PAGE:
Exclusive: Adoption breakdowns on the rise

By Neil Puffett

| 29 January 2018

The number of adoptions that break down, resulting in a child being removed from a placement, have risen in recent years, despite government attempts to tackle the issue, an investigation by CYP Now has found.

The government's Adoption Support Fund is designed to pay for therapeutic services and other support for adopted children. Picture: Shutterstock

Figures obtained following a Freedom of Information (FoI) request to all English local authorities indicates that since 2012, across all council areas, there have been as many as 679 breakdowns within the first year of a placement.

During the same period there have been 528 breakdowns after the placement becomes official - making a total of 1,207 breakdowns over the five-year period.

The statistics show that the number of breakdowns has been rising since 2012/13, peaking in 2015/16.

Responses provided to CYP Now by the 65 councils that provided full data and four that provided partial data reveal that they recorded a total of 42 breakdowns of initial placements - technically known as disruptions - in 2012/13, rising to 85 in 2015/16, before dropping slightly to 68 in 2016/17.

Extrapolated across all 152 local authorities, this equates to 93 breakdowns in 2012/13, rising to 187 in 2015/16 and 150 in 2016/17.

Meanwhile, the number of breakdowns occurring after an initial placement has been finalised by a judge issuing an adoption order - which makes the adoption permanent - has also risen.

Responses provided by the 50 councils that supplied full data and four councils that supplied partial data show that there were 31 breakdowns in 2012/13, rising to 57 in 2015/16, and 47 in 2016/17.

Extrapolated across all 152 local authorities, this equates to 87 breakdowns in 2012/13, rising to 160 in 2015/16 and 132 in 2016/17.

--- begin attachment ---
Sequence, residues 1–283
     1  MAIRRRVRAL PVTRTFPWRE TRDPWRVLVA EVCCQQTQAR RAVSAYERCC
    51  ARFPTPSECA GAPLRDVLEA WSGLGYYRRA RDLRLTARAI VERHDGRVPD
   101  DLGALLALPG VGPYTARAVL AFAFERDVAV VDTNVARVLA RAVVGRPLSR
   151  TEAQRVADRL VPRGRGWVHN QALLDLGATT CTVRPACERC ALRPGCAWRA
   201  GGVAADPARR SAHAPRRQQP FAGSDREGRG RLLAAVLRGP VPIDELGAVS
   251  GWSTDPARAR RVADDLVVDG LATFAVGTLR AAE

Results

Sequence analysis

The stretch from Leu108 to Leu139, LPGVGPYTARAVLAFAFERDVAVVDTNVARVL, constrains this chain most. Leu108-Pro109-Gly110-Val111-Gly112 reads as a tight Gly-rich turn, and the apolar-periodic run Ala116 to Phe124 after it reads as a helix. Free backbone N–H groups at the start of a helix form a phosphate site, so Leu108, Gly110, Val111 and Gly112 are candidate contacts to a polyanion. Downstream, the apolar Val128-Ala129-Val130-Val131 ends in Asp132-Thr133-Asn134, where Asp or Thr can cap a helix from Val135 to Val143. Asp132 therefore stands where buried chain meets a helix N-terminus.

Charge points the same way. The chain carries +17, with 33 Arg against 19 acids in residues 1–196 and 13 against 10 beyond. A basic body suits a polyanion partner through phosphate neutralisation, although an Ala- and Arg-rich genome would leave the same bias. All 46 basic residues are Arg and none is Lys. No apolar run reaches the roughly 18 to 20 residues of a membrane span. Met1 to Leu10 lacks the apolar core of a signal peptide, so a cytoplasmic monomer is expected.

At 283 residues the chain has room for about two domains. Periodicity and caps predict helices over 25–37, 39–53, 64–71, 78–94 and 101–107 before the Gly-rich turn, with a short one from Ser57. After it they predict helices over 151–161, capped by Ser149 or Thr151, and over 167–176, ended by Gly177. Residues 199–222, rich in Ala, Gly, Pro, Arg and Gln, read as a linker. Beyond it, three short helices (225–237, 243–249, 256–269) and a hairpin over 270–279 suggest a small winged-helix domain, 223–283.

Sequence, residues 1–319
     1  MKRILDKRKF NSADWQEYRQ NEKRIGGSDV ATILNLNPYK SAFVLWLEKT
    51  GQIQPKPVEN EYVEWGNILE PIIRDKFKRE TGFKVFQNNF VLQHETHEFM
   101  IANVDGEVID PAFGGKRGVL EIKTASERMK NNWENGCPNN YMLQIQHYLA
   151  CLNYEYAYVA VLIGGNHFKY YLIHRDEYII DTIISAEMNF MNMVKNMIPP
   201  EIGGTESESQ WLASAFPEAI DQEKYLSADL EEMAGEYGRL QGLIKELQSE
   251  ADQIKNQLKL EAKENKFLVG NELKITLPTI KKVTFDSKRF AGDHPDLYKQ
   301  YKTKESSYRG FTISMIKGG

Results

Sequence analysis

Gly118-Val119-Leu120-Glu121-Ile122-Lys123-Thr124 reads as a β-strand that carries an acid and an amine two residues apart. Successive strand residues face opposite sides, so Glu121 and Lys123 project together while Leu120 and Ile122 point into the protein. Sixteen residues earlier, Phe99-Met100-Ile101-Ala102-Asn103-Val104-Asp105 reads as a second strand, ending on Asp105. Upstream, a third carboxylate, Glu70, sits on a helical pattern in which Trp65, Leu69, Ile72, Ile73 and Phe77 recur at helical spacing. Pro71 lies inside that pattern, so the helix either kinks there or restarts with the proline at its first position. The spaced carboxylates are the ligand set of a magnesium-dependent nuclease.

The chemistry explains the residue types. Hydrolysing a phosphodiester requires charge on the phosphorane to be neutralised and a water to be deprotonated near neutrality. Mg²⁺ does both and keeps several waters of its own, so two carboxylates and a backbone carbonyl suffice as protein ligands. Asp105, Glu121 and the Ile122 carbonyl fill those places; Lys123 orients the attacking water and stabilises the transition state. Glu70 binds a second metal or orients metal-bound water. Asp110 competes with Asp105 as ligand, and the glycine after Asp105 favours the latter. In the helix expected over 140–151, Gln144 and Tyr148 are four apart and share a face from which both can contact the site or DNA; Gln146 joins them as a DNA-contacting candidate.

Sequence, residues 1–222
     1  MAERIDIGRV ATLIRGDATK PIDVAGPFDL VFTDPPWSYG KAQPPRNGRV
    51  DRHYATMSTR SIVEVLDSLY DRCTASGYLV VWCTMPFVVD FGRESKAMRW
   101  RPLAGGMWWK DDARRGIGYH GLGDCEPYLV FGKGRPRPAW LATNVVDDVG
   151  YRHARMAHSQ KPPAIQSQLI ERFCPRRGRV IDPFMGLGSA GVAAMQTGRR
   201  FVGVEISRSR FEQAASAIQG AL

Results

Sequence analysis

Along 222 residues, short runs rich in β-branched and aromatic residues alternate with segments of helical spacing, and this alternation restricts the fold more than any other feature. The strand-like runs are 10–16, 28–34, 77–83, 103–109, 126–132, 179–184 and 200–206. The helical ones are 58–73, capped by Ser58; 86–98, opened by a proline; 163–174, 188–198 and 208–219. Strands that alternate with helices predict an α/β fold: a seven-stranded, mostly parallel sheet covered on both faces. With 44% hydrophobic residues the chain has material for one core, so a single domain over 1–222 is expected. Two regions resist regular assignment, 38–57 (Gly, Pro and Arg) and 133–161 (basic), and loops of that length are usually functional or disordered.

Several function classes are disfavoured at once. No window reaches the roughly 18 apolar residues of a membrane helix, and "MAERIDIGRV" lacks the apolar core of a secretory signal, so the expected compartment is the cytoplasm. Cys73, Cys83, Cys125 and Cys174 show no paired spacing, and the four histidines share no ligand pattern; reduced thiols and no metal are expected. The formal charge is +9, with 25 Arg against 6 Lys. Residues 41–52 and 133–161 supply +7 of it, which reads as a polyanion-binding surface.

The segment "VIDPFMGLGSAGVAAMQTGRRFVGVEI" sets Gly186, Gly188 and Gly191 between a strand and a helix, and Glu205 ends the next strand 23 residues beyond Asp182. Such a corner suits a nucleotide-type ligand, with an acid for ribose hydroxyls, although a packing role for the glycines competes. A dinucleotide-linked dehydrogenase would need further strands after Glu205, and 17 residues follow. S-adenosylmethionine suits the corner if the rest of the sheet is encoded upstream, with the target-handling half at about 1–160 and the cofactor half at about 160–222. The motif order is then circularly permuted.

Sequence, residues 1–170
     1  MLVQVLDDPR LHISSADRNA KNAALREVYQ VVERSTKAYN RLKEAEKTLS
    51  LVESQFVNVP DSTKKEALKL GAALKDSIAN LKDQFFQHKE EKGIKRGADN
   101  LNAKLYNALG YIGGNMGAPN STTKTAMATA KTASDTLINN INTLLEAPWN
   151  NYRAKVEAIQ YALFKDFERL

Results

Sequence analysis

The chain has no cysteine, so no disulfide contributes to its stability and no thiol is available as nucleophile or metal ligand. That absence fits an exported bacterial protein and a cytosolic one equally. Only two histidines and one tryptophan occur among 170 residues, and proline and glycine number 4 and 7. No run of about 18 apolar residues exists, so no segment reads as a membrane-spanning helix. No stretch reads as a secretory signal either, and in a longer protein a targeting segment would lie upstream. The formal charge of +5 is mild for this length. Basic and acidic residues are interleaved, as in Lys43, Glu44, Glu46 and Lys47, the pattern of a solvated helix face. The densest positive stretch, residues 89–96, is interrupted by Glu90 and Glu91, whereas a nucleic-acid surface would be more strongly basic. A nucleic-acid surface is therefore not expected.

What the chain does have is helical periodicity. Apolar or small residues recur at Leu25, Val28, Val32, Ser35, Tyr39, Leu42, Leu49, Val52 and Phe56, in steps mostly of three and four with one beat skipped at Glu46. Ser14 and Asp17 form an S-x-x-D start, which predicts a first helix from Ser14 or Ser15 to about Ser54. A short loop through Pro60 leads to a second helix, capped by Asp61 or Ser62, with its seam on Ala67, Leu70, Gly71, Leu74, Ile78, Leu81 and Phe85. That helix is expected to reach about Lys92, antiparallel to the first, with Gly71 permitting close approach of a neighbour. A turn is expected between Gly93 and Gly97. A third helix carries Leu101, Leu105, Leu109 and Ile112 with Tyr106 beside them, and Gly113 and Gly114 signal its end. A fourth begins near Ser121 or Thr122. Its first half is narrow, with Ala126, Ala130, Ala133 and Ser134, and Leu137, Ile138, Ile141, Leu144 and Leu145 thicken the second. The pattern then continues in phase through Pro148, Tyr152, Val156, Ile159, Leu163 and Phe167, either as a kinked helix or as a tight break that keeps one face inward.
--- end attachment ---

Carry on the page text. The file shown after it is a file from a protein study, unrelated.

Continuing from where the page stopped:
The true figure for placement breakdowns is likely be higher than the responses to CYP Now show because many councils said they stopped monitoring adopted children three years after their adoption.

Others said that they would only be aware of an adoption breaking down if the family was still living in their local authority area at the time.

The rises have occurred despite the introduction in May 2015 of a government fund designed to pay for therapeutic services and other support for adopted children to reduce numbers of breakdowns.

A total of £52m has been spent through the fund since it launched, but a report by the Department for Education in August 2017 found demand for support was so high that some therapeutic services were struggling to keep up.

Andy Elvin, chief executive of The Adolescent and Children's Trust said that, taking both pre- and post-order disruptions into account "it appears adoptive placements, in their broadest sense, break down more often than received wisdom suggests".

He added that the sector needs to start recording and publishing the number of breakdowns as a whole, as it is the kind of information that could potentially influence the decisions of councils, adoption panels and judges, and inform practice.

"We need much better detail on both adoptive and special guardianship orders (SGO) breakdown rates, and these findings seem to be beginning to give us a glimpse of this," he said.

Sue Armstrong-Brown, chief executive of Adoption UK said the findings broadly mirror the accepted reality - that many families are experiencing serious challenges.

"These children need particular parenting techniques and access to therapy to overcome early childhood trauma," she said.

"This is why timely and appropriate post-adoption support is so crucial."

John Simmonds, director of policy, research and development, CoramBAAF, said there should be more robust requirements from the DfE about recording and collecting data.

For full analysis of the figures, click here.

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